flat lawn

The Concise Guide to Flattening and Leveling Your Garden Lawn

Every parent worries about their kids. It’s always something… this or that.

One of the things that concerned my wife and I was the back yard lawn of our new house. It wasn’t flat. With all the bumps, we were worried that our little ones might break an ankle out there

So for anyone else who has found themselves in a similar situation, here are some tips that I found to help flatten your garden lawn


Before the lawn is down:

Laying new lawn is more time consuming and expensive, but it will give you a better job overall

To start, use a landscaping rake to clear any debris and other stuff that shouldn’t be there. Like weeds, grass etc. If you keep raking you will be able to get the soil quite flat with it.

You don’t want anything underneath your soil before you put down your seed or turf. It can grow through your lawn and cause you trouble later. So your lawn should simply look like exposed soil.

When working on exposed soil, make sure you wet the soil with a garden hose or wait until after some rain to start grading it

Grading Soil:

There are a few ways to do this, here’s a few short videos of people doing it different ways

Here’s a video of someone using a pallet to flatten their lawn

You can also use string line to help with getting your lawn perfectly flat

You can also use a plank or long piece of timber or steel, aluminum etc. to help level across the lawn

It does have to be straight though. The longer the better

NOTE: If your laying turf, put down some fertilizer (preferably pellets) before you put your turf down. It will help keep the turf feed while it grows into your lawn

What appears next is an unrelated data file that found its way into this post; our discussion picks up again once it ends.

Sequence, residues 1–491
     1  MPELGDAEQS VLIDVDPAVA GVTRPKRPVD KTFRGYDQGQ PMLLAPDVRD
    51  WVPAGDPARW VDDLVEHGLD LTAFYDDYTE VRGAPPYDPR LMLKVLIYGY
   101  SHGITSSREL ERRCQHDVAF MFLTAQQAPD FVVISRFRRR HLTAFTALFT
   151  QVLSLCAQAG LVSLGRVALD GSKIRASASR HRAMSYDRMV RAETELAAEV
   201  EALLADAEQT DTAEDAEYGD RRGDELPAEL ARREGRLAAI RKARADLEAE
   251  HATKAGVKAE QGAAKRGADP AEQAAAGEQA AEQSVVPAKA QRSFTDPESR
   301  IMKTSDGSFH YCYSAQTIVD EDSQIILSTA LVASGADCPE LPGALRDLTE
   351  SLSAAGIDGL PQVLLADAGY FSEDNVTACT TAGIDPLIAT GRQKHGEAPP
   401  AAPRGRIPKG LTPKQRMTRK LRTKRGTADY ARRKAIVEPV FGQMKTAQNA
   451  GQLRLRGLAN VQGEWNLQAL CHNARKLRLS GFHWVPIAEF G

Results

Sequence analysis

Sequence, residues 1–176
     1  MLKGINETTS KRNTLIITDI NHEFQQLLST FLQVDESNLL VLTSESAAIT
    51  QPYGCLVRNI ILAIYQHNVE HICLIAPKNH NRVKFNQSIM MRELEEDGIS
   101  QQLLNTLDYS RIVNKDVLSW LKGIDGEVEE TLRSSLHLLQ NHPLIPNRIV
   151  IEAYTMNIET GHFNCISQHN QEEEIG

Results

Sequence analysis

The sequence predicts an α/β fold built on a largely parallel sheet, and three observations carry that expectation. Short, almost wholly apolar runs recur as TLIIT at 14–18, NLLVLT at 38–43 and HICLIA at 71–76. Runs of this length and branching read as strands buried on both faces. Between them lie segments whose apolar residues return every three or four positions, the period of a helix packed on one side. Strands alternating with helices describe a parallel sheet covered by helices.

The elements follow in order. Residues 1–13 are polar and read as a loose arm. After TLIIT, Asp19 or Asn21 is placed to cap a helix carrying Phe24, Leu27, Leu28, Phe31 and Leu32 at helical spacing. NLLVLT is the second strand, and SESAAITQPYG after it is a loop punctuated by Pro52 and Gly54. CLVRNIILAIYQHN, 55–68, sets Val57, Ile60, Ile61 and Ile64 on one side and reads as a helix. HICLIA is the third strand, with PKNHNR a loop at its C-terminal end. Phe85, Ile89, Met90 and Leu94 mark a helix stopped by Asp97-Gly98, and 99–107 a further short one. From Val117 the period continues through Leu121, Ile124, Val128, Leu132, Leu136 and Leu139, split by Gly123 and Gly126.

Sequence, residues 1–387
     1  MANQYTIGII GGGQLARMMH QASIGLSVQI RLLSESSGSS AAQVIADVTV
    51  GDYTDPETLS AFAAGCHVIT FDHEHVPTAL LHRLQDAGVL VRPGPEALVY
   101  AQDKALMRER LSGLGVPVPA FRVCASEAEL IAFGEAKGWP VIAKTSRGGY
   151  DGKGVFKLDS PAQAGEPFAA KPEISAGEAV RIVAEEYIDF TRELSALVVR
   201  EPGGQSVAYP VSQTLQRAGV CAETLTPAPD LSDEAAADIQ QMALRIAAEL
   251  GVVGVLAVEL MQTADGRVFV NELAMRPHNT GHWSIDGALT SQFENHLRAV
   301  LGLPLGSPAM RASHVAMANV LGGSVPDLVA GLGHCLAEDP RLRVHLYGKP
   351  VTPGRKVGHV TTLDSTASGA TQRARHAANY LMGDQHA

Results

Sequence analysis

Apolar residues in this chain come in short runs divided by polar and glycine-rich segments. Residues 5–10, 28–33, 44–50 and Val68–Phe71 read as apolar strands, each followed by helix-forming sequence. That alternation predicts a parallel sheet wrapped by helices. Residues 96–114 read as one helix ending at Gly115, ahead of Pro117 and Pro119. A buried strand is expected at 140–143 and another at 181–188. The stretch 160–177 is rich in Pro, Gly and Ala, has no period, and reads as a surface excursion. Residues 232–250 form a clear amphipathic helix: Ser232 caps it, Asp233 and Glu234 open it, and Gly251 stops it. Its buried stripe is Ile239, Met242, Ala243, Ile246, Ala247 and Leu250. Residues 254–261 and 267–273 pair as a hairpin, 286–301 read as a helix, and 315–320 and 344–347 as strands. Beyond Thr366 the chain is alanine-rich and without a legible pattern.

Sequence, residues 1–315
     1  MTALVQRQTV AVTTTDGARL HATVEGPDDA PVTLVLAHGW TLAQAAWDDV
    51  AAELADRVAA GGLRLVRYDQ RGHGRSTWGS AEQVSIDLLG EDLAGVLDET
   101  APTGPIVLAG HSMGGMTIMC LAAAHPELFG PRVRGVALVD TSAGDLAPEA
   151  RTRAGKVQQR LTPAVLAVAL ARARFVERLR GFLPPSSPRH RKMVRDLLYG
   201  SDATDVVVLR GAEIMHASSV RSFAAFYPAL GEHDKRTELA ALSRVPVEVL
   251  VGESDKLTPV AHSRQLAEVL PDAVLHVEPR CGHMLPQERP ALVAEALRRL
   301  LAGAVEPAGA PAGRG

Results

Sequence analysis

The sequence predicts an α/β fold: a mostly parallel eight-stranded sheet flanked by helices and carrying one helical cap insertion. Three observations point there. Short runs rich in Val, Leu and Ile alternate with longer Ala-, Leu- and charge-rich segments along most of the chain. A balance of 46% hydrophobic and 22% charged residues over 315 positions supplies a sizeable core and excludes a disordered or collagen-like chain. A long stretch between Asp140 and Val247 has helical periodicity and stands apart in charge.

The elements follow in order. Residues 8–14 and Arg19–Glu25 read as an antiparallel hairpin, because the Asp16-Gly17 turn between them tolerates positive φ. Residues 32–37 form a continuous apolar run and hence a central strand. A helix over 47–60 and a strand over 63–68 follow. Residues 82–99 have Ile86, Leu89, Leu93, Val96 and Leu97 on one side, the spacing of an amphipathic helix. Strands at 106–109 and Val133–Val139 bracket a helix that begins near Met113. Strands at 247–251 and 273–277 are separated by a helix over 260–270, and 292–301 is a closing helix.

Once it’s flat it’s onto laying your lawn or seeding it, whichever you choose.


After the lawn is down:

Here is the easiest way to fix a lumpy lawn without ripping up all the grass.

The first step is to identify where the lawn has sunk. You can do this simply by walking it and putting in a garden stake where you think you need to lift. Once you know where you have to make amends there are two ways to do it

1. Pouring straight over the top

  • Do it slowly ½ inch at a time to avoid killing the grass
  • Best time to do it is in spring or fall which is the best growing conditions
  • Don’t do it if you don’t expect any rain for a while
  • Using a dry topsoil and sand mix is much better for leveling uneven areas than putting sand on a lawn without mixing. The correct mixture I believe is 50 – 50

2. Cutting out the patch of lawn and building it up from underneath

  • Use a sharp spade and cut out certain sections of lawn (best if done in healthy sized pieces of around 1 foot x 1 foot)
  • Then simply remove the patch and add some of the soil underneath. Use sand and soil mix, or some fertilizer or potting mix to bring the low patch up
  • Similarly you can do this with a high patch, simply remove some soil from underneath

After you are finished adding or subtracting soil, put the patch back in the same way that you found it.

To help it grow it helps to throw some fertilizer (preferably pellets for lawns) underneath the patch of lawn you pulled, and also keep the patch well watered for the next few weeks

Finished Lawn

Now You’re on the Level…

Thanks for reading and best of luck in your lawn. With some patience and some nice sunny days im sure you will get your lawn ready for whatever you intend to throw at it!


About the author

Zac Spade

Hi, my name is Zac. When my wife told me I needed a new shed it sparked an obsession with everything project related outdoors. From building sheds to starting gardens, keeping chickens and more. You can find out how to do it for yourself and get the most out of your outdoor space at ZacsGarden.com

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